Welcome to my blog. I document my adventures in travel, style, and food. Hope you have a nice stay!

How does a government become legitimate?

•    Elections: Labour claimed a mandate (a right to implement policy proposals) when it won the 1997 election with a large majority. The Conservative Party did not win a majority in 2010, and so could only become a legitimate government by forming a coalition with the Liberal Democrats. Yet a coalition is not something that anyone voted for, so its legitimacy was called into question. 
•    Increasing use of referendums: Referendums are a form of finding out what the public wants and involving them in the decision. The rejection of Scottish independence is seen as legitimate because there was a referendum on this issue in 2014, whereby 55% of Scottish voters opted to stay as part of the UK.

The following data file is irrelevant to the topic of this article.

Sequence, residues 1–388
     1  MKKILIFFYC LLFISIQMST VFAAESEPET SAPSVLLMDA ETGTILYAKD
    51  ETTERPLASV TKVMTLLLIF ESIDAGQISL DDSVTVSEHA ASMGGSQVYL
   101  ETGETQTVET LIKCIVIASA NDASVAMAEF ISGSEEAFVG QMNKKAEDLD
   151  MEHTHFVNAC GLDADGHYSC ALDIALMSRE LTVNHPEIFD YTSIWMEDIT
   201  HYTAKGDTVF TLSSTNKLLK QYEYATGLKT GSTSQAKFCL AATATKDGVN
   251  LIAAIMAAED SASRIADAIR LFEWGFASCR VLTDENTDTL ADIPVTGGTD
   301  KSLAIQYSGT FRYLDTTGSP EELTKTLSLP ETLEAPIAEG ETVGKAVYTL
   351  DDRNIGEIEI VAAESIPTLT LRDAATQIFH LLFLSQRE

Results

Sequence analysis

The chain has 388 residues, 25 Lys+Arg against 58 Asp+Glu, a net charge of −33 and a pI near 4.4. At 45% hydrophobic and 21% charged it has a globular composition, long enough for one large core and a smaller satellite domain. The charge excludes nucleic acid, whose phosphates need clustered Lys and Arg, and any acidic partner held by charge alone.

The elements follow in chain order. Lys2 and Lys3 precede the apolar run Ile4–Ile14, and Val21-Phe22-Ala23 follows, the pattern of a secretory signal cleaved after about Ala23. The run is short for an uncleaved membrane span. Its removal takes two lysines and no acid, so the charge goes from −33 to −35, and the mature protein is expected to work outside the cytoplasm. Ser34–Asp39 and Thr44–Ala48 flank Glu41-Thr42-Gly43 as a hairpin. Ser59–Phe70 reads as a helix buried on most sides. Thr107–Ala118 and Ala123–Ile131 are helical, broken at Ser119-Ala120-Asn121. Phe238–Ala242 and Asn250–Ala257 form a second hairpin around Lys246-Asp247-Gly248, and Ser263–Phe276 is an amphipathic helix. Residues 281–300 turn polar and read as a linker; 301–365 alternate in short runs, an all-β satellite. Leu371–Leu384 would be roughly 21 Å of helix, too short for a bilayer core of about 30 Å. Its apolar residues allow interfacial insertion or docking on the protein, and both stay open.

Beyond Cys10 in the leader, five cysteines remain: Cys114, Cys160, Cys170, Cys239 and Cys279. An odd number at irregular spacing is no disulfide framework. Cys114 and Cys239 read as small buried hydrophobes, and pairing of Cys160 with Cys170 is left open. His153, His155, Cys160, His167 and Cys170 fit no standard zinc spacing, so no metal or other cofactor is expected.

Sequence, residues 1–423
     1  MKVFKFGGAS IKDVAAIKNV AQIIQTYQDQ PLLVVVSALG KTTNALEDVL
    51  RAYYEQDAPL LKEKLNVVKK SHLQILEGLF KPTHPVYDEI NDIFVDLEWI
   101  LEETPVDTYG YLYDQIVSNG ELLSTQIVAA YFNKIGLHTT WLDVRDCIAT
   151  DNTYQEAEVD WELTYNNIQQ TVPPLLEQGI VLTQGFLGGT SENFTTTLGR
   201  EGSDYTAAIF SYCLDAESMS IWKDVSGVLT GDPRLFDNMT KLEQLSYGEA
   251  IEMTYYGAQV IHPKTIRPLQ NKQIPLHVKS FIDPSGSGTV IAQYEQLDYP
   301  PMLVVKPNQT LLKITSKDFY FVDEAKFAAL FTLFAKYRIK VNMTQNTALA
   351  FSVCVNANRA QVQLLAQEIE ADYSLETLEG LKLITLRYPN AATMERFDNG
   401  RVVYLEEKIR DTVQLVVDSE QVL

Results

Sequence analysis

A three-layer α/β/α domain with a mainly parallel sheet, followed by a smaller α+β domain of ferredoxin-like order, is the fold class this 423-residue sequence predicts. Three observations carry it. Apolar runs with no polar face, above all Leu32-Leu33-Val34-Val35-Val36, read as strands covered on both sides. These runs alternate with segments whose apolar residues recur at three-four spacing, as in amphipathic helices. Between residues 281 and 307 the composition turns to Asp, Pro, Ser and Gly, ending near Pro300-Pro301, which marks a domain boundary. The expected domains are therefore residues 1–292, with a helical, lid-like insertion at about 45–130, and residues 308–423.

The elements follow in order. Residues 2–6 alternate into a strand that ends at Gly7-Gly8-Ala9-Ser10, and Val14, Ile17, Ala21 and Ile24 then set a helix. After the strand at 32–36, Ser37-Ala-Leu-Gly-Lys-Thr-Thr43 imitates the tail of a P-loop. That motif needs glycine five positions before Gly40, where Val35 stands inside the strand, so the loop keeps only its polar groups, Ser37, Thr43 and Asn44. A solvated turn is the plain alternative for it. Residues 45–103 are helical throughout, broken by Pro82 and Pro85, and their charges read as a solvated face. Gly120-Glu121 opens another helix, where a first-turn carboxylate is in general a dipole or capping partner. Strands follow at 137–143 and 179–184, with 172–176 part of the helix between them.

•    Consultations: Governments issue “green papers” where interested parties submit proposals on policy. The decision to allow the construction of a new Tesco is Streatham was accepted because local people had a say on the things Tesco had to do for the community (i.e. build a new ice rink)
•    Persuasion through media: Gordon Brown convinced the public that it was necessary for the government to take over Northern Rock in 2007, in order to avoid a crisis in the financial sector. NHS reform was not explicitly stated in the Conservative manifesto in 2010, hence the controversy surrounding the Health and Social Care bill, which allows private companies to perform operations with public money. 


Is US Federalism dead?